Toronto, Vancouver house sales set blistering pace in November
Prices continue to climb in the year to November, up 9.6% in Toronto, 17.8% in Vancouver
Home sales are at record levels in Toronto and near record levels in Vancouver, despite a steep run-up in prices that is putting housing out of reach for many first-time buyers.
The era of rock-bottom mortgage rates shows signs of ending, with bond yields on the rise and the U.S. set to raise its benchmark rate late this month, but demand for homes was still outpacing supply in Canada's two hottest housing markets.
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A record 7,385 homes were sold in Toronto in November and in Vancouver a near-record 3,524 changed hands.
Home sales in Toronto through the first 11 months of 2015 amounted to 96,401, already more than the previous calendar-year record set in 2007.
November is traditionally one of the slowest months for real estate sales.
High prices, even for condos
Both markets continue to defy predictions that they are overvalued and that prices will have to come down.
The Toronto Real Estate Board estimates that the average price of a Toronto home was up by 9.6 per cent year-over-year to $632,685 in November.
The price of a detached house within the city of Toronto was up 8.8 per cent over the past year to an average of $1,018,621, while detached homes in the 905 area just outside the city rose by 10.7 per cent to $829,241. There is a tight supply of detached homes, with few listings and high demand.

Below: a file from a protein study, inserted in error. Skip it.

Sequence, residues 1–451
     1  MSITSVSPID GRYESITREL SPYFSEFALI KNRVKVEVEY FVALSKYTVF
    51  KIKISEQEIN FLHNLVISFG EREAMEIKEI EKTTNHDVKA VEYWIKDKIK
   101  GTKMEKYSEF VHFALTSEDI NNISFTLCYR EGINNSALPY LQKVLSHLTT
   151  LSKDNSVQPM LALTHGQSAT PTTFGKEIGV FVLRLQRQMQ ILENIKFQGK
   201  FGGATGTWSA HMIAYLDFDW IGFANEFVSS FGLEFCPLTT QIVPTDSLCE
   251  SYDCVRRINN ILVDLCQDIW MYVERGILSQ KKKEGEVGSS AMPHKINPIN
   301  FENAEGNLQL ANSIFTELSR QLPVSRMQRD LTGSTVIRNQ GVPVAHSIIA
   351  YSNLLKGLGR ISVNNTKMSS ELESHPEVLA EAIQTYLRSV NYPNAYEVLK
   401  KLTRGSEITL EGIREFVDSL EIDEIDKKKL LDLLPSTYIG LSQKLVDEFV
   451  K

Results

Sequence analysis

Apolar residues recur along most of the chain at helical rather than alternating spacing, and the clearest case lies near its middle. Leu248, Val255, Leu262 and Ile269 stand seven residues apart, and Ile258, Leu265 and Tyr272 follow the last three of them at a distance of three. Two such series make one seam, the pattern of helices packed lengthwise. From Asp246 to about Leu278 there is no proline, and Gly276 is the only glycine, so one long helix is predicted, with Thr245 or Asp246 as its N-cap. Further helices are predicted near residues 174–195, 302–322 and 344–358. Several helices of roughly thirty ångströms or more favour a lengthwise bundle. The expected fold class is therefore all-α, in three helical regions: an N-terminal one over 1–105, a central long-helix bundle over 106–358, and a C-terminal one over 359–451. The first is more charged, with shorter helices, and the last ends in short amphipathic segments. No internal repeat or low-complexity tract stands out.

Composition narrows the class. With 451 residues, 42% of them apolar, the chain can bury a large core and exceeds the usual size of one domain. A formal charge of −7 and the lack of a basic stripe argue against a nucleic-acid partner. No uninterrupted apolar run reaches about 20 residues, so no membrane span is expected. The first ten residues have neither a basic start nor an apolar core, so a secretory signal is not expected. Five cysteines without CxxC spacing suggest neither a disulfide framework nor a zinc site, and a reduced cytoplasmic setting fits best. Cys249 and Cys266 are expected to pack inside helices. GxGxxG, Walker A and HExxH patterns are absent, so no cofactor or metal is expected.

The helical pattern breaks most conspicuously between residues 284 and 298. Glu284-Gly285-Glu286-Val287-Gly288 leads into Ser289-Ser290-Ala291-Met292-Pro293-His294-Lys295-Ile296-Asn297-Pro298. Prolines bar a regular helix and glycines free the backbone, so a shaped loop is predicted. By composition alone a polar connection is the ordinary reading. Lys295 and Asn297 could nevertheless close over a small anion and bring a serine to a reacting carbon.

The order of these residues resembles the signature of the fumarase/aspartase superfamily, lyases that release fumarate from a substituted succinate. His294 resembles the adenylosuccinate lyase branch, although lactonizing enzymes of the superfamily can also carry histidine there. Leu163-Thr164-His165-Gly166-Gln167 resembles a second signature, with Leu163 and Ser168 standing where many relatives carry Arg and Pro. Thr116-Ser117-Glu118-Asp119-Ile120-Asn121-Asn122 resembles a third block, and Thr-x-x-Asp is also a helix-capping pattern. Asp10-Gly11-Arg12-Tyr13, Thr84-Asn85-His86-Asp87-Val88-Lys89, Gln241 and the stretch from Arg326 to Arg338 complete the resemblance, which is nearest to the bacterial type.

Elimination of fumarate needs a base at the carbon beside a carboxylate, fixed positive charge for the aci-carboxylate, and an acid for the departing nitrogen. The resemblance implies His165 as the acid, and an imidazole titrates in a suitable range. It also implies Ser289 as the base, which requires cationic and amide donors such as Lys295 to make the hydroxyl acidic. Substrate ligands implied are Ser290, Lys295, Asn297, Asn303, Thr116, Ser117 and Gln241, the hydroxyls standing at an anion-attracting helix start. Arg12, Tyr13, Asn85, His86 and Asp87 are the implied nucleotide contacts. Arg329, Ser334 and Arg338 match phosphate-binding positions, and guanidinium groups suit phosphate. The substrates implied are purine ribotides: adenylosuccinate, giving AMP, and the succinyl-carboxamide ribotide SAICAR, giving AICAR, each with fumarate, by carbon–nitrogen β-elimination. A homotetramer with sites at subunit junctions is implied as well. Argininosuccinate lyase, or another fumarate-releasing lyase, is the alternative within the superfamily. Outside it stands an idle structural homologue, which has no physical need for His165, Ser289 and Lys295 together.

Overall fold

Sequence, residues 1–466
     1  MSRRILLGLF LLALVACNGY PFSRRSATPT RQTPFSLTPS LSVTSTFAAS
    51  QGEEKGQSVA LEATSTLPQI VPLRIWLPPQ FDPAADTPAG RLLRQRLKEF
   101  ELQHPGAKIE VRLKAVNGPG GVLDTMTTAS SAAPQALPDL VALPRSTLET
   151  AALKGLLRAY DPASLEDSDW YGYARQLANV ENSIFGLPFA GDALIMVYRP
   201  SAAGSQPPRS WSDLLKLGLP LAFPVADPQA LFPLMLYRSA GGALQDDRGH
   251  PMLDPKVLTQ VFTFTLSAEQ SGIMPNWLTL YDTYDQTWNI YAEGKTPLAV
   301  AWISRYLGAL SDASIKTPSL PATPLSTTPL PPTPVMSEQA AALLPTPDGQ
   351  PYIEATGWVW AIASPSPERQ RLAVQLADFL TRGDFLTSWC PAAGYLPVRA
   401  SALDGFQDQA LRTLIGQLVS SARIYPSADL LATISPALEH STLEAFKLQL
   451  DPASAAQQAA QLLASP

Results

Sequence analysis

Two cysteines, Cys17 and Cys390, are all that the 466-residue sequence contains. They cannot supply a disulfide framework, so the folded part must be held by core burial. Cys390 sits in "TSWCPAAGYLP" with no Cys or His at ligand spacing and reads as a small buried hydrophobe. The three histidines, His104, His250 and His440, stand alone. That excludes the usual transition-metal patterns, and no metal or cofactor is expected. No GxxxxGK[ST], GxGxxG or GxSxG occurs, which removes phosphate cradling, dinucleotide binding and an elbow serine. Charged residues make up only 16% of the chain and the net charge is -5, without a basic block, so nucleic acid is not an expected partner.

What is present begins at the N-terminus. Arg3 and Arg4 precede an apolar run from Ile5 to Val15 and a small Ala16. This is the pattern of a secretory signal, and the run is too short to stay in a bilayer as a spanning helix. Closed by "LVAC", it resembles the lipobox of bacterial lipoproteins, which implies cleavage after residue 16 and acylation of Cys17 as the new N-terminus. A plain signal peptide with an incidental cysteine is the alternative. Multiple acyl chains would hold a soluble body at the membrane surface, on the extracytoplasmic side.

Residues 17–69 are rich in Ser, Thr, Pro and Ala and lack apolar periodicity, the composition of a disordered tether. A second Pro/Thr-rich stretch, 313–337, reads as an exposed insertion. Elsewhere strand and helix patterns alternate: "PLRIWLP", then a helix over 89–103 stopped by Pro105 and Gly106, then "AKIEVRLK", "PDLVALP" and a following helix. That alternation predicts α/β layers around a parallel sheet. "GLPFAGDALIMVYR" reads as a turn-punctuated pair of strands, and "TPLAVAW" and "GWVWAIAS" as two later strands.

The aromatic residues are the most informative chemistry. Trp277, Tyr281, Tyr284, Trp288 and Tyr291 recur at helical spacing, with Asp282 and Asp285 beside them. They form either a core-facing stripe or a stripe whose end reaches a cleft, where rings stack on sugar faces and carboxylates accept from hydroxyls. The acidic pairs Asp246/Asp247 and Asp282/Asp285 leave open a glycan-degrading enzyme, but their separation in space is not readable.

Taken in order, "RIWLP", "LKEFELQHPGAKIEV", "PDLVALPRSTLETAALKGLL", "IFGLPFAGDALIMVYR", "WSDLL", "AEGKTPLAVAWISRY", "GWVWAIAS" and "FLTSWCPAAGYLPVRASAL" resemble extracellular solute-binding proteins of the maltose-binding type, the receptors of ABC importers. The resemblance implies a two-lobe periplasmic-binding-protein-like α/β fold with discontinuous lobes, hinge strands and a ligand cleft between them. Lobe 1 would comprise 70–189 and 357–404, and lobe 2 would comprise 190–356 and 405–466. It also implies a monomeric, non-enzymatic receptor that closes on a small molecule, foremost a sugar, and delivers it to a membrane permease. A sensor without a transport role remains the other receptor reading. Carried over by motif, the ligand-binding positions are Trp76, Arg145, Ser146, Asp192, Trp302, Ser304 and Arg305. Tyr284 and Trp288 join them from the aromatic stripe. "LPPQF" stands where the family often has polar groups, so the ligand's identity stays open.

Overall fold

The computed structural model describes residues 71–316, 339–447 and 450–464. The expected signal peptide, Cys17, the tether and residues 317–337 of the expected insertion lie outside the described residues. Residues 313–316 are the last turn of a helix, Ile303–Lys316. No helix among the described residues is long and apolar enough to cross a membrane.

By contrast, a condo in Toronto cost 5.4 per cent more than it did a year ago, at an average of $415,316, and one in the 905 was 4.1 per cent more expensive at $385,506. The more modest price increase in condos reflects a big spike in new condo construction in and around the city.
Vancouver home sales in November were up 40.1 per cent from last year.
The MLS composite benchmark price for all homes in Metro Vancouver rose by 17.8 per cent over the past year to $752,500.
A total of 1,335 detached properties were resold in Metro Vancouver and the benchmark price was up 22.6 per cent from November 2014 to $1,226,300. A shortage of listings and intense demand is driving up the price of detached homes, according to the Real Estate Board of Greater Vancouver.
There were 1,553 apartment properties sold and the benchmark price increased 14 per cent in the year to $435,000. Vancouver doesn't have as much new condo construction as Toronto and that is pushing prices higher more quickly.